In Connecticut, either spouse can file for a divorce, also known as a “dissolution of marriage”, and the process takes several months up to a year or longer to complete. The time frame to complete a divorce depends on numerous factors, such as the complexity of the issues that need to be resolved, the willingness of the spouses to cooperate during the process, and many others.
For example, if you and your spouse both agree to proceed with the divorce, and you have very few assets and no children, you may be able to complete the process in as little as three months. On the other hand, if there are significant marital assets that need to be divided, issues involving children (e.g., child support, child custody and visitation), a request for alimony, and similarly complex issues in which the spouses are not in agreement, the process can drag on for quite a bit longer.
Connecticut has both fault-based and no-fault divorces. A spouse may choose to file for a fault-based divorce on one of the acceptable grounds, such as:
Parties may ask for a fault-based divorce in order to gain an advantage over the other spouse during the proceeding on issues such as division of assets, spousal support, and child custody. These types of cases require specific proof of spousal misconduct, however, and this can make them more complicated and costlier to pursue. For this reason, the most common type of divorce in Connecticut is a no-fault divorce.
With a no-fault divorce, the reason can be as vague as “irretrievable breakdown of the marriage.” In other words, the couple has irreconcilable differences, and the marriage is broken beyond repair. You can also file a no-fault divorce if you and your spouse have lived apart continuously for a period of at least 18 months.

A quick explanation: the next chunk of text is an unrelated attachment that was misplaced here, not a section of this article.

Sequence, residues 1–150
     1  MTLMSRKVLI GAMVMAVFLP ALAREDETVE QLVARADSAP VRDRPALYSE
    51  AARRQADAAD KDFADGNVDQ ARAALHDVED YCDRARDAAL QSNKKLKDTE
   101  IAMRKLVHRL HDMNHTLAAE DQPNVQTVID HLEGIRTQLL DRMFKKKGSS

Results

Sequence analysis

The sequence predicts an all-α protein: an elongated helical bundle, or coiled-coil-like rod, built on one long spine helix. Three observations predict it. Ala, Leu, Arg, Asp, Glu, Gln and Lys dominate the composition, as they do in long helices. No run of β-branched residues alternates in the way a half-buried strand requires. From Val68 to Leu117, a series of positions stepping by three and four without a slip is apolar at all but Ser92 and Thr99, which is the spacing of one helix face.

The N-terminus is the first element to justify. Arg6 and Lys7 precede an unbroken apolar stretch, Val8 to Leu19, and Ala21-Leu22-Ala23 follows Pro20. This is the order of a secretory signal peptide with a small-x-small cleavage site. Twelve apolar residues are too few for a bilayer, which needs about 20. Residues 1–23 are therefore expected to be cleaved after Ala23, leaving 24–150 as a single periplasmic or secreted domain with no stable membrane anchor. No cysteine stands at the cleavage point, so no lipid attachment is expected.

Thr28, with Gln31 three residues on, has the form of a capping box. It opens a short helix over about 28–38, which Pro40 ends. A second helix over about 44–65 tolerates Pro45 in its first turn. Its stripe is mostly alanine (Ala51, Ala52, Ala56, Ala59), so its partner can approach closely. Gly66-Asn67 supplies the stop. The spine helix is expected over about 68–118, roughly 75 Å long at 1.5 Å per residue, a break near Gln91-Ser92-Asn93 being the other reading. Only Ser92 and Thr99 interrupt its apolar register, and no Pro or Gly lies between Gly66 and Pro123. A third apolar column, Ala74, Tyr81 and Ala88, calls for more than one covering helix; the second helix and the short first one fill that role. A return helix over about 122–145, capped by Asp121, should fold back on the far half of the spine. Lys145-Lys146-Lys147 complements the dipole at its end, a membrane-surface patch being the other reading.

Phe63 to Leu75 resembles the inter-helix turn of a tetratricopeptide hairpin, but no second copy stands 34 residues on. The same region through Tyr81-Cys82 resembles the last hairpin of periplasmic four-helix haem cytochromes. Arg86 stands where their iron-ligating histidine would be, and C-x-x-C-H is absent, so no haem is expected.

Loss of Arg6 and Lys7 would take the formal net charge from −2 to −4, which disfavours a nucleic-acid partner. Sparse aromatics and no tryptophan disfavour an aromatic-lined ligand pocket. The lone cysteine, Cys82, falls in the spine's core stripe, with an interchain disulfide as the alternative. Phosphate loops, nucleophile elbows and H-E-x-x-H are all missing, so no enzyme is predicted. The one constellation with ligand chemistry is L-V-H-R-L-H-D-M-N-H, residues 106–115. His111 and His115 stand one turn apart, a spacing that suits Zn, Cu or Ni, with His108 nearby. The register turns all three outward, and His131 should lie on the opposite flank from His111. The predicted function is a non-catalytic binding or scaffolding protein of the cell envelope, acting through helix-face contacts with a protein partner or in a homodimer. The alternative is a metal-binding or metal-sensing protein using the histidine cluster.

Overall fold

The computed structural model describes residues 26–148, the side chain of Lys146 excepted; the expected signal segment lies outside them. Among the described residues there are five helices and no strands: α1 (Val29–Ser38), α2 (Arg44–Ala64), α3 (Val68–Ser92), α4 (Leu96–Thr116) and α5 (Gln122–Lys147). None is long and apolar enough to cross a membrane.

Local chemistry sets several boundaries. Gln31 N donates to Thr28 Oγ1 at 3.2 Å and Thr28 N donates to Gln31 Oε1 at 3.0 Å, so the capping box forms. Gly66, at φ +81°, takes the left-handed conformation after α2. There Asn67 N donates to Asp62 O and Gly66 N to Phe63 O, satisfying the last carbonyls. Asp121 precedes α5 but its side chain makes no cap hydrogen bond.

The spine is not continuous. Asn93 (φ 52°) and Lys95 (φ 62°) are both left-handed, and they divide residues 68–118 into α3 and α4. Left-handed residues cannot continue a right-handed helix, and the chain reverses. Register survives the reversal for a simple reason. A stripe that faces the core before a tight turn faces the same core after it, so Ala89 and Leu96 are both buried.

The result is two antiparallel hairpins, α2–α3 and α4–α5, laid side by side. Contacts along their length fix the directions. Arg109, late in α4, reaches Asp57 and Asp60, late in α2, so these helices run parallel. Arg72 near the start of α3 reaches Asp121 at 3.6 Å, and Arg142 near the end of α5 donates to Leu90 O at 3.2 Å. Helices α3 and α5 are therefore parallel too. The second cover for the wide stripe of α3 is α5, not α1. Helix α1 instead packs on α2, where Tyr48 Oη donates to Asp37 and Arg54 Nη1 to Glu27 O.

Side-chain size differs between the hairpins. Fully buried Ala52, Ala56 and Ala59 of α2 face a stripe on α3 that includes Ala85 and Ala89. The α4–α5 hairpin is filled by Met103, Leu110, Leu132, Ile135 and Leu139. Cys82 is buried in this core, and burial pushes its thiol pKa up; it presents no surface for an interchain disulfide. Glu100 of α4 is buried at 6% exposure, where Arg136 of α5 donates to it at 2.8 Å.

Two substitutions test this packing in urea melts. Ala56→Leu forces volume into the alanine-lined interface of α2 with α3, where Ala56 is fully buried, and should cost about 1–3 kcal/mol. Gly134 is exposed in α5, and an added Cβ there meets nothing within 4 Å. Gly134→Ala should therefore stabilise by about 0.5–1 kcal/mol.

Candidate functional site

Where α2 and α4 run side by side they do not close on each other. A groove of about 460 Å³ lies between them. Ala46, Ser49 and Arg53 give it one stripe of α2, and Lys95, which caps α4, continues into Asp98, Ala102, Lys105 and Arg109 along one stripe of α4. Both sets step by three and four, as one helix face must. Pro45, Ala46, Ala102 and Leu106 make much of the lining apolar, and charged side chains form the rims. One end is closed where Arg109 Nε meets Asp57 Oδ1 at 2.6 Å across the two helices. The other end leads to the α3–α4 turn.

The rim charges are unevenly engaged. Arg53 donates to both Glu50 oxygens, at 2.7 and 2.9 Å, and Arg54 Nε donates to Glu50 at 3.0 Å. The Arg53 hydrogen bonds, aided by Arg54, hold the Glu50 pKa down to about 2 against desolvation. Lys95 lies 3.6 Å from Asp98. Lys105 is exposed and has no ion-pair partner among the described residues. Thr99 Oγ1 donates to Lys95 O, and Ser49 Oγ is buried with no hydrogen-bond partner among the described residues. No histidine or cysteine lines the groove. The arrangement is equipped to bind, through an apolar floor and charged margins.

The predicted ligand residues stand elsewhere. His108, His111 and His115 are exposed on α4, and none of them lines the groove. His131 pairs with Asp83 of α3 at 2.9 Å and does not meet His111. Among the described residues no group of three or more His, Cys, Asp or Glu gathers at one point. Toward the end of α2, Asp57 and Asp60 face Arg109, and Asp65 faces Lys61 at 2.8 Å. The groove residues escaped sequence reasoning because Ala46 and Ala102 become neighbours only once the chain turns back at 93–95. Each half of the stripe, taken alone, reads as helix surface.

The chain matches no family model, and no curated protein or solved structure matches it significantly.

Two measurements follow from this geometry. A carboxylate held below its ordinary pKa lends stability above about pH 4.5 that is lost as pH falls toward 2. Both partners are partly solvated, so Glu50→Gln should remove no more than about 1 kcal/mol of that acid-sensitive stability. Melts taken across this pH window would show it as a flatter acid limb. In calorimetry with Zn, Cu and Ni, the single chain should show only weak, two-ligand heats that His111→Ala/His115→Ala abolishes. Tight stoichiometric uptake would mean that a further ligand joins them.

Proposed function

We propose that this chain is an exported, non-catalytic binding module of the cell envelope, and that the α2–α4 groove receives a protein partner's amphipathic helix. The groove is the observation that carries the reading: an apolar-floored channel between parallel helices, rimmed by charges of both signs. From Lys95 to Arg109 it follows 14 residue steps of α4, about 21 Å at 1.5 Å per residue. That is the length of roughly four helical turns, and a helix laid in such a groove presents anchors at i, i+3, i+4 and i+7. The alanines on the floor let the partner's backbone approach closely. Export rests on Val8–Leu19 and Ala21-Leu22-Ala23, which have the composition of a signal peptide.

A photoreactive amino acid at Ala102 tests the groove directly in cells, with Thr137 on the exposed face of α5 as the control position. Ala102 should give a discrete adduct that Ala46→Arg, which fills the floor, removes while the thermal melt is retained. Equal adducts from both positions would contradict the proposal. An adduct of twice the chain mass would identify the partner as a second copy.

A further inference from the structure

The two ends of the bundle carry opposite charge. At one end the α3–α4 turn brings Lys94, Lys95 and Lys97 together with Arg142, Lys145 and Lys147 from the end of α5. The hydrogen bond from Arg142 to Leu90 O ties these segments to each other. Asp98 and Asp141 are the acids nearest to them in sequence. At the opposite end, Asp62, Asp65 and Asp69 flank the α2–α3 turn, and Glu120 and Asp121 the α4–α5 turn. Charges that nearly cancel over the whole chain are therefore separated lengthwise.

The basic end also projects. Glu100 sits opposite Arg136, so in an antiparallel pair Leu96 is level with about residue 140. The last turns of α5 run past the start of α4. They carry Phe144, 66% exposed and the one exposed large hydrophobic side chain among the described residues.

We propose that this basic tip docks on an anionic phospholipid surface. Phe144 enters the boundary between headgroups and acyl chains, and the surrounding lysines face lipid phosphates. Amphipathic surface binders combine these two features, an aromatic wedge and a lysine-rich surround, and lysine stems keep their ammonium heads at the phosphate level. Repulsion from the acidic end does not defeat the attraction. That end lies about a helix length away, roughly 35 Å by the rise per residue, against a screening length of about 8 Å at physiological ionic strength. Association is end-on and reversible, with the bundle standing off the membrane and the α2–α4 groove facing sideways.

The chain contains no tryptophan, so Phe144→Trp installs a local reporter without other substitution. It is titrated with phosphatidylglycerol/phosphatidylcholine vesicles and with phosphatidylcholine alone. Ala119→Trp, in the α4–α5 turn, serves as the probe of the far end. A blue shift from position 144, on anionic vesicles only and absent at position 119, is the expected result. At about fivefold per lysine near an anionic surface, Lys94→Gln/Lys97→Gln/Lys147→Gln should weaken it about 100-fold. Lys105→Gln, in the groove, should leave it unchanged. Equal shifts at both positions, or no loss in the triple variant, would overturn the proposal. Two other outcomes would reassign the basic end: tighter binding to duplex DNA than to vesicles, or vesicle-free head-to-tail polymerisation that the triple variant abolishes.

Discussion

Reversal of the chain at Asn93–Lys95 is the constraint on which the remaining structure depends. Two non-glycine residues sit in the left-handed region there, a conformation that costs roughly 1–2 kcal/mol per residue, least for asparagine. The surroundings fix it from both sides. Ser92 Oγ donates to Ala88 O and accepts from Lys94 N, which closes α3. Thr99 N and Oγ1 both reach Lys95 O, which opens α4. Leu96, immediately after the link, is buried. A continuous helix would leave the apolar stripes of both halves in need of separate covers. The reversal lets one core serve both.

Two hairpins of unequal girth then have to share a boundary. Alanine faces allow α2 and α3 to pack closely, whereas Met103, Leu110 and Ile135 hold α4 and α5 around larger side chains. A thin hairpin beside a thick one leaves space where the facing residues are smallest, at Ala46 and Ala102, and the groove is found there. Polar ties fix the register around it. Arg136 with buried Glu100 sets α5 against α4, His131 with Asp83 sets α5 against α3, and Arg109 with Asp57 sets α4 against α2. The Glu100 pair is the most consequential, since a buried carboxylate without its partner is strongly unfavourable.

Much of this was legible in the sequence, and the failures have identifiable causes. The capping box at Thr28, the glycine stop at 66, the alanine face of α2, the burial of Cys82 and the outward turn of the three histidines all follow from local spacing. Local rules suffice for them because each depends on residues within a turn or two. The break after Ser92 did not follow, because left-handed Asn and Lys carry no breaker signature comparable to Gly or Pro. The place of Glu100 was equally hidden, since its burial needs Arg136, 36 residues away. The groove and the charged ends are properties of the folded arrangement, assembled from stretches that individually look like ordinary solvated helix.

Steps in a CT Divorce
Once you have decided to file for a divorce and decided whether to opt for a fault-based or no-fault divorce, there are several steps that must be completed in the process:
Meeting Residency Requirements
For a court in Connecticut to have jurisdiction over your case, you or your spouse needs to meet one of the following residency requirements:
Filing the Paperwork
There are three or four main forms that need to be filed to initiate the divorce process in CT:
- The summons is filed by the plaintiff spouse notifying the defendant spouse of the dissolution of marriage filing.
- The complaint lists the reason for divorce, and other personal information about you, your spouse, and any children that you may have.
- This form is filed along with the complaint, and it lists the obligations the spouses have with regards to assets and children. Examples may include prohibitions on selling, gifting, or borrowing against any property, running up unreasonable credit card debt or other types of personal loans on a joint account, changing beneficiaries on insurance policies, and many others.
- This form lists information about the children, such as who they are currently residing with and any prior custody and visitation issues.
Waiting Period and Negotiations
Once the paperwork has been filed and the defendant spouse has been served, a 90-day waiting period ensues. During the waiting period, (the period leading up to your case management date) the parties and their attorneys typically enter into negotiations in an attempt to reach a settlement. If a settlement agreement can be reached, a final hearing is held, the agreement becomes a court order, and the dissolution of marriage is finalized. If the parties are unable to reach a settlement, the case proceeds to trial.
Negotiations may continue up until the date that the divorce trial begins, and if the parties are still not able to come to an agreement, then they proceed with litigation. During litigation, both sides present evidence and argue their cases, and the judge hears and evaluates the arguments and renders a final decision on the issues that are in dispute.
Facing a Divorce in CT? Speak with an Experienced Family Law Attorney
If you are considering filing for a divorce in Connecticut, you need skilled legal counsel by your side advocating forcefully for your rights and interests. At The Apex Law Firm, LLC, we understand that divorce can be a difficult and confusing process, and we work closely with our clients to provide strong legal guidance and moral support during this turbulent time. For a consultation with one of our attorneys, call our office today at (860) 900-0900. You may also send us a message through our online contact form or stop by our Hartford County office in person at your convenience.